Based on questions I’m often asked, here are three tips for buying drumsticks for drummers just starting out.
1. Don’t buy cheap drumsticks.
Seriously, it’s not worth it. You definitely would rather buy 1 pair of $10 Promark drumsticks every 2 months than 5 pairs of $5 sticks in the same amount of time. So you’re really not saving any money buying cheap. I personally have found the most consistency and durability with ProMark. Vic Firth, Zildjian, and Vader are also decent names to look for.
One time I was at a camp in GA and the only music shop within an hour’s drive were selling Promark sticks for like $14 a pair. But they had these no-name bargain bin sticks for like $4 a pair. I bought 3 pair. We only had one set a night, about 30 minutes, and I’m not a particularly heavy-handed drummer, but all but one of those sticks broke within 3 days. The first stick broke on the second SONG I played it on. Seriously.
2. Start with 5A.
When first started, I picked up some 7A sticks was immediately drawn to how thin and light they felt in my hands. I started learning to play with them. For a while it was ok, but then especially when I played rock, I would break sticks a lot. I also found some double stroke fills and ghost notes fairly taxing on my energy but I thought that was just my own inadequacy that I needed to practice through. I bought some 5As in the hopes that they wouldn’t break as often (they didn’t) but I was pleasantly shocked by how much easier it was to pull off double stroke fills and ghost notes, as well as really getting better response from the drumheads. I can honestly say that my hand strength and stamina increased noticeably playing 5As. The larger sticks are heavier, so not only do they travel faster on their own (thanks, gravity), they strike the drum more fully and bounce better.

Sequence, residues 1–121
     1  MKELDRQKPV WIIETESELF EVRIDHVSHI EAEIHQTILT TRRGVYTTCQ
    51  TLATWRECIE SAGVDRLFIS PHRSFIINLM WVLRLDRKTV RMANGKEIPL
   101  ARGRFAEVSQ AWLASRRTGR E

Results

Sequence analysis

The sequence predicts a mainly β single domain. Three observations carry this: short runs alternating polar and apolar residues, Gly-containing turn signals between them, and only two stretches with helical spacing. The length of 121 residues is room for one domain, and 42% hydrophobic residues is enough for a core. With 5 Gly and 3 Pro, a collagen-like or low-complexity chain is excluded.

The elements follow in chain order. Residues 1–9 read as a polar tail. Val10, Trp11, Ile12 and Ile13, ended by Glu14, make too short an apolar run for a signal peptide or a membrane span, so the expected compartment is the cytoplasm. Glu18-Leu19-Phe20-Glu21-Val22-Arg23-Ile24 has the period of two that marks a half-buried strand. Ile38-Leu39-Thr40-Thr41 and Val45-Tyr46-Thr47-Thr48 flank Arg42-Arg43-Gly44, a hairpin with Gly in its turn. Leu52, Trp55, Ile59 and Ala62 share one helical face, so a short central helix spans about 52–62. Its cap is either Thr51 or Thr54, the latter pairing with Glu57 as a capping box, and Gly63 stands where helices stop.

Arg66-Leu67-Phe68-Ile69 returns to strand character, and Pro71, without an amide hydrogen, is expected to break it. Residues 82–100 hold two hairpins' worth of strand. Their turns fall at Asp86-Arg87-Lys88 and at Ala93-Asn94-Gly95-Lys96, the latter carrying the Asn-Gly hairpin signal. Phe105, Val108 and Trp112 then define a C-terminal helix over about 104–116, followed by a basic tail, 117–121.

3. Learn to enjoy playing with “hot rods.”
If you didn’t know, hot rods, lightning rods, thunder rods, etc. are al basically a bundle of individual little sticks bundle together. They have far less bounce and MOST importantly, far less volume when striking the drum. Churches and small venues (especially restaurants) will often ask you to play with hot rods upon arriving and starting to sound check. When you’re planning to play with regular sticks, and you’ve practiced with regular sticks, this can be really deflating right before a gig. Your playing suffers, and really the whole performance suffers. The good news is it doesn’t have to. If you suspect a venue will ask you to play with hot rods, go ahead and ask and if they aren’t sure, or say yes, then go ahead and prepare for that. If you don’t have any, go ahead and buy some hot rods. I recommend these, because the plastic lasts far longer than the all-wooden ones do. Then go ahead and practice the set with hot rods. If you end up getting to play full out with drum sticks, then great, that’s usually easier anyway. But if you’re asked to use rods, you can be smooth and professional and own those rods, and your attitude is better, so your playing is likely better, so the show likely goes better, and that’s what you wanted, right?